TOKYO—Chinese vehicle production from Toyota and other major Japanese automakers tumbled in October amid a territorial dispute between the two Asian powers led to boycotts of Japanese products in China.
Toyota Motor Corp. said its Chinese output plunged 61 per cent to 30,591 vehicles, its third straight monthly decline.
“We have adjusted the production to meet the current level of demand in China,” said Dion Corbett, spokesman for Toyota.
He declined to comment further on the reason.
Chinese output of Nissan Motor Co. sank 44 per cent to 61,360 vehicles, while production from Honda Motor Co. declined 54 per cent to 26,302 vehicles, the companies said.
Sales of Japanese automobiles have plunged in China since the Japanese government in September nationalized a cluster of tiny, uninhabited islands in the East China Sea called Senkaku in Japan and Diaoyu in China that are controlled by Tokyo but also claimed by Beijing.
The purchase set off violent demonstrations in China and a call to boycott Japanese goods.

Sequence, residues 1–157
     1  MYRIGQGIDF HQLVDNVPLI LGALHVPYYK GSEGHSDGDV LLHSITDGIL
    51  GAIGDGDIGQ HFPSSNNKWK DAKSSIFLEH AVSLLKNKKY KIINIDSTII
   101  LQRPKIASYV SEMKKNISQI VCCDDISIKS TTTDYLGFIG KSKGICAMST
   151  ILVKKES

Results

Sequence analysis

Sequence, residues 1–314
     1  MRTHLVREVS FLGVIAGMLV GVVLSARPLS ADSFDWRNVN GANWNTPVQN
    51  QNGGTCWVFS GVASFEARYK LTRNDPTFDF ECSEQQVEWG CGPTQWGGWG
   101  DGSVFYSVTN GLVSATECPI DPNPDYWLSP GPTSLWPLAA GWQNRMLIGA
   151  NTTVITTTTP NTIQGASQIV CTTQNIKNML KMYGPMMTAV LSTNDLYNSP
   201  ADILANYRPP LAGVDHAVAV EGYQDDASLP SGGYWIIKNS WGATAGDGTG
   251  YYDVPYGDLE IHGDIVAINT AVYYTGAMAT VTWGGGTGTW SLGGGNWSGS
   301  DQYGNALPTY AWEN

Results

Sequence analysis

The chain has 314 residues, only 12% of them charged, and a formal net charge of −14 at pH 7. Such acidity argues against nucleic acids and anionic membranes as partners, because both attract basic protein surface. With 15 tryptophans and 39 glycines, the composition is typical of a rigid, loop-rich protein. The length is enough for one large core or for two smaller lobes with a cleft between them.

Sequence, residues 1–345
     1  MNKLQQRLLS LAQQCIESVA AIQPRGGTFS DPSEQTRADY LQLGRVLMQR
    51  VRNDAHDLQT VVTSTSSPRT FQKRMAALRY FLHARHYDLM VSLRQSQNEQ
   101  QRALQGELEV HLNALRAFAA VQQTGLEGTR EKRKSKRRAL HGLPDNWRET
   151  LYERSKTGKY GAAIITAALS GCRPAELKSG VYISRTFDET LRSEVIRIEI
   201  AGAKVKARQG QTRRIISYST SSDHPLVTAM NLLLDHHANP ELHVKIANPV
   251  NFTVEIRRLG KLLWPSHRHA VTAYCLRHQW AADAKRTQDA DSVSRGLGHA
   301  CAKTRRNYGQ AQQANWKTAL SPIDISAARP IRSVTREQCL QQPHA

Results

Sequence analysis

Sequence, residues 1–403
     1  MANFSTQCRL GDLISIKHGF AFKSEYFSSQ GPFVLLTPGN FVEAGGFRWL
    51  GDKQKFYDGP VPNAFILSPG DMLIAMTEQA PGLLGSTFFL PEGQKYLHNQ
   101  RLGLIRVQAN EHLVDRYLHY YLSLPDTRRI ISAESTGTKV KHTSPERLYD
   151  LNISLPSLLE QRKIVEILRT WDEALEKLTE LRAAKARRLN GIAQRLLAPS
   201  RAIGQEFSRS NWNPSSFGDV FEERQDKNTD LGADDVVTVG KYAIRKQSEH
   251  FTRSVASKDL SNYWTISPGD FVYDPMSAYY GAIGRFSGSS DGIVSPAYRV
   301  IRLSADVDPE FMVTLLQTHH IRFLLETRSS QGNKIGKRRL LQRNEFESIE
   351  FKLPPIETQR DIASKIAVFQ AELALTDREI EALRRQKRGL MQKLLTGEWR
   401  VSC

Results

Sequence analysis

Toyota and Honda dealerships were burned down in one city, and crowds shouting anti-Japanese slogans smashed Japanese cars.
The protests have mostly subsided, but Chinese consumers appear to be shunning Japanese products.
Toyota’s total overseas production rose 12.9 per cent in October from a year ago to 430,041 vehicles.
Its global output during the month dipped just 0.3 per cent to 695,083 vehicles.
Including subsidiaries Daihatsu Motor Co., which makes mostly small cars, and truck maker Hino Motors Ltd., global production slipped 0.3 per cent to 787,476, the company said.
Nissan’s global output in October declined 4.8 per cent to 410,961 vehicles.
Honda’s worldwide production during the month rose 9.4 per cent to 346,129 vehicles.